I woke up Saturday morning with a full day of events. Fixing a flat tire (which resulted in $800 new tires –arg!), bingo, Laurina and Alex returning from Mexico, a long run and a couple charity events I had to attend. This was going to be a busy day but two specific encounters ended up standing out from the rest … for opposite reasons.
The first encounter was at a rather formal gala I attended in the evening to raise money for a camp which provides a safe place every summer for youth in our community to be themselves. The $100 per person event was attended by a diverse cross-section of our community – from politicians to physicians, business leaders to educators. The other event that would stand out was a run I had to make through a dodgy part of our city. Known for a higher level of crime, drug issues and prostitution. Imagine which provided the most positive experience?
The gala itself was truly a great event. And, as I expected, I engaged in some inspiring and meaningful conversations while raising a lot of money for this camp. While “working the room” I had met the spouse of a new friend of mine. He is a 3rd year medical student from Ontario who hopes to be doing his residency in Edmonton. We had only met so this fellow had no knowledge of me, my work or my family story. I had started the conversation by asking him what specialty he was considering to which he responded with either Psychiatry or Internal Medicine. He then said “I would never do Pediatrics because I hate kids” …. And that was a direct quote. I was speechless. He could tell I was taken aback. So in an attempt to cover his tracks a bit he said “actually, it’s not the kids I hate, it’s the moms. They think they are the doctors, they come in wanting us to fix their kids but they don’t listen and think they know everything. It’s just what I’ve heard from others.” Now I was in shock. Who says this type of thing??? Ever?? Let alone a medical student. The only thing I could respond with was “When it comes to their kids, moms ARE the experts”. Fortunately, the moment was saved by someone else who wanted to chat with me and I made my escape. But I couldn’t help but feel a rise in my core temperature and blood pressure. I was offended on many levels. As someone who has volunteered many hours and made a career out of extolling the values of family centred care, as a dad (and husband to a great mom) and as a human being.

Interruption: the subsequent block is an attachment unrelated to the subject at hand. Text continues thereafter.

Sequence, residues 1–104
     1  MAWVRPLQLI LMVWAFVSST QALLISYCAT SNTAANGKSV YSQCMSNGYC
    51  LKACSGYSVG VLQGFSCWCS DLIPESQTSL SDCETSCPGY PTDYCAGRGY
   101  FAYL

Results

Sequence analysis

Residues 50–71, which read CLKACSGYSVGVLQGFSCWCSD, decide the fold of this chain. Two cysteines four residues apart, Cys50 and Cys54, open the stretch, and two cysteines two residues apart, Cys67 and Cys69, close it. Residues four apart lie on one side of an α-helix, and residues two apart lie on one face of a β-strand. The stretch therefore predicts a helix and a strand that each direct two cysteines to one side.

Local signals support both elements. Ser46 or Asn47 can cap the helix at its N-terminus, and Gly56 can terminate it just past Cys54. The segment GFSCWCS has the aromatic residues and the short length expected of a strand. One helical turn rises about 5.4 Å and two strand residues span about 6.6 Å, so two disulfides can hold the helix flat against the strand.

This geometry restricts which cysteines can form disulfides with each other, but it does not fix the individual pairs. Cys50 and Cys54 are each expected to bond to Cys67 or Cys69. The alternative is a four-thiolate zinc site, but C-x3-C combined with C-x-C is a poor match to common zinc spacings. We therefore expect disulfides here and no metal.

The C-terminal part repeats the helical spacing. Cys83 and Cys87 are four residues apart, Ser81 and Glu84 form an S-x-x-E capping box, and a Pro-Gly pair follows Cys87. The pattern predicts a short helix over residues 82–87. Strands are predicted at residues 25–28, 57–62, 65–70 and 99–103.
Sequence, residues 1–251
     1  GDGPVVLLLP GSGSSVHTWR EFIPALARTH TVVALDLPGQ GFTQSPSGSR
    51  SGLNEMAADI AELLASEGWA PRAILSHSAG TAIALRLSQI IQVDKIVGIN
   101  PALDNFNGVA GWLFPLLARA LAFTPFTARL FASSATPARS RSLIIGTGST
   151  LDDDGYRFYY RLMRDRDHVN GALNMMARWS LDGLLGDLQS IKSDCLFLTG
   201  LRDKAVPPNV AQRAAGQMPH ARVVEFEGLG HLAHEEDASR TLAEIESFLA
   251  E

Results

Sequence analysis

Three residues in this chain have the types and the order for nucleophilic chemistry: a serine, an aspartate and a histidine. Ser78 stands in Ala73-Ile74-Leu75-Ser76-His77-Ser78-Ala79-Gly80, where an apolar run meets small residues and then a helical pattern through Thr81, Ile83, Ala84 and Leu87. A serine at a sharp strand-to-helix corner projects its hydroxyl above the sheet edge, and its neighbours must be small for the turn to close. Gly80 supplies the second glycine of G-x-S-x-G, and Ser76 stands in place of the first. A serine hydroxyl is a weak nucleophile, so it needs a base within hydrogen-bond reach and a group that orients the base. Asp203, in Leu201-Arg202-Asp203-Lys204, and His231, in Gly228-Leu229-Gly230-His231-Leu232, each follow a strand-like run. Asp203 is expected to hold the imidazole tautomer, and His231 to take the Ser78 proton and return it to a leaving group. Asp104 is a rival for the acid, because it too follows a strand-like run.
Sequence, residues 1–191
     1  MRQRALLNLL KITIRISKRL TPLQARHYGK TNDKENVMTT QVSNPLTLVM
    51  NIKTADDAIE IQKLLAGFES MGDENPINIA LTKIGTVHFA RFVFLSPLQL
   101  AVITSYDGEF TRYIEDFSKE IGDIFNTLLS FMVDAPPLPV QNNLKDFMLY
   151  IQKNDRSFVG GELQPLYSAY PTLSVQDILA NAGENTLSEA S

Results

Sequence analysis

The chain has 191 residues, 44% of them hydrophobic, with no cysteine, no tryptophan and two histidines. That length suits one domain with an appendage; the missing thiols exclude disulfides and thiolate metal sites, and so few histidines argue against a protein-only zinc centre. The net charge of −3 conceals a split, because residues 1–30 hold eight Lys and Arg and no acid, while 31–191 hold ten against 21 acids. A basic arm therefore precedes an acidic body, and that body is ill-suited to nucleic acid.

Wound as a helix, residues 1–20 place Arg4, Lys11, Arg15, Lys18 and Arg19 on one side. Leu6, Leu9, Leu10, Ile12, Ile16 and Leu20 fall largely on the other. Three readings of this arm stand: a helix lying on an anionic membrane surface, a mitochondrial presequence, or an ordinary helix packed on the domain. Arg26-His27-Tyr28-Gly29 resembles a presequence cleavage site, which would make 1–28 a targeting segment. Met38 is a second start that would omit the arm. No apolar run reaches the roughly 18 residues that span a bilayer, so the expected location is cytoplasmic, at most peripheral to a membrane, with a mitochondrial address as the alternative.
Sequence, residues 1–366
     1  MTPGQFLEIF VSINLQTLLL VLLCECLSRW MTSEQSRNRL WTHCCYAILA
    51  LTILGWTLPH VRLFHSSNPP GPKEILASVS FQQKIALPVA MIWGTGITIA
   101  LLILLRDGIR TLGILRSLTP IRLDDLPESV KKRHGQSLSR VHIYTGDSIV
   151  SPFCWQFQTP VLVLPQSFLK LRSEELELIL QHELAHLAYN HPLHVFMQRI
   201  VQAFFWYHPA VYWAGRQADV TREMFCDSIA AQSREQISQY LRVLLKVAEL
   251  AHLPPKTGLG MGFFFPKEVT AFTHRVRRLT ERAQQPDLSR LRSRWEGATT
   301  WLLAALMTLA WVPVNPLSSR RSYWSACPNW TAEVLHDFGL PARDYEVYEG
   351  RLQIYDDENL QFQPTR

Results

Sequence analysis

Sadly, this didn’t end there. Minutes later, the same med student came back to me in what I felt was an attempt to dig himself out of a hole he sensed he feel head first into. Here is the gist of the conversation:
Med Student: “I hope you think that I was just being facetious … ”
Me: “To be honest, the only thing I’m thinking right now is that it is probably is a good choice for you that you aren’t going into pediatrics”.
Med Student: “oh, I believe in all of that patient centred care stuff”
Me: (obviously I thought to myself)
Med Student: “I like working with a team … when it works”
Me: “When does it work?”
Med Student: “When people know what they are doing and everyone knows their place”
Me: “And by team, do you believe everyone on the team are equal partners or is there a hierarchy?”
Med Student: “The doctor leads the team but everyone should be able to give their opinion”
Me: “Uh huh, and does that always work?”
Med Student: “No, I get so frustrated with nurses because they usualy don’t want to give their opinion and tell us to make the decisions”
Me: (what I wanted to say but didn’t was that “although it’s proven that when the entire team is able to speak and share their thoughts, the safety and care of the patient is markedly improved, perhaps these nurses are used to working in a more paternalistic model where they feel they do not have a safe place to share their opinions thoughts and concerns” … but I didn’t.) I simply responded with “Well, good luck with your studies” and I moved on.
I left the conversation thinking that not only did I hope and pray he never went into pediatrics, but that he is nowhere involved in any aspect of anything to do with my own personal health care needs or those of my friends and family. However, because of my experiences over the past five years and, certainly, since I began my career, there is no doubt in my mind that this person is the exception and not the rule. And I’m so grateful for that. Yet, it’s still very sad and disheartening.
So, back to my run from earlier in the day. Because of our tire troubles and with Laurina and Alex coming home today, I had to drop the car off at Auntie Carla’s and run the 16km home. At the middle point of my run, I had to go through an area of the city with a lower socioeconomic status … and I have to admit, as I did so, I felt certain senses being heightened. I approached a group of young adults form a visible minority coming my way. I didn’t expect anything to happen out of the ordinary but I was still … “aware” of their presence. With 100 metres separating us, the larger guy of the group (and by larger, I mean the brick house of a man) made eye contact with me. He bent over into a linebacker stance then started to dodge back and forth in a playful attempt to block me. As I approached, I played the game and dodged back and forth myself. As I passed, he reached out to give me a high five while the rest of the group cheered me on. It was a remarkable, unexpected moment which put a smile on my face for the rest of my run.
I think what disappointed me most on this day was that I had higher expectations for one encounter and lower expectations for the other. And to my embarrassment, both encounters proved me wrong. It was a lesson learned.